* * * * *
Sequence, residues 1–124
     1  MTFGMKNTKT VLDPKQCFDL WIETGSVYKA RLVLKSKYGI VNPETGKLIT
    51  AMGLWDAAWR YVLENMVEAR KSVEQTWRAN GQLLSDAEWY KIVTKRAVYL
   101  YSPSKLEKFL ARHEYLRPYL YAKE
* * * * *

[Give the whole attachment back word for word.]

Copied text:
Sequence, residues 1–124
     1  MTFGMKNTKT VLDPKQCFDL WIETGSVYKA RLVLKSKYGI VNPETGKLIT
    51  AMGLWDAAWR YVLENMVEAR KSVEQTWRAN GQLLSDAEWY KIVTKRAVYL
   101  YSPSKLEKFL ARHEYLRPYL YAKE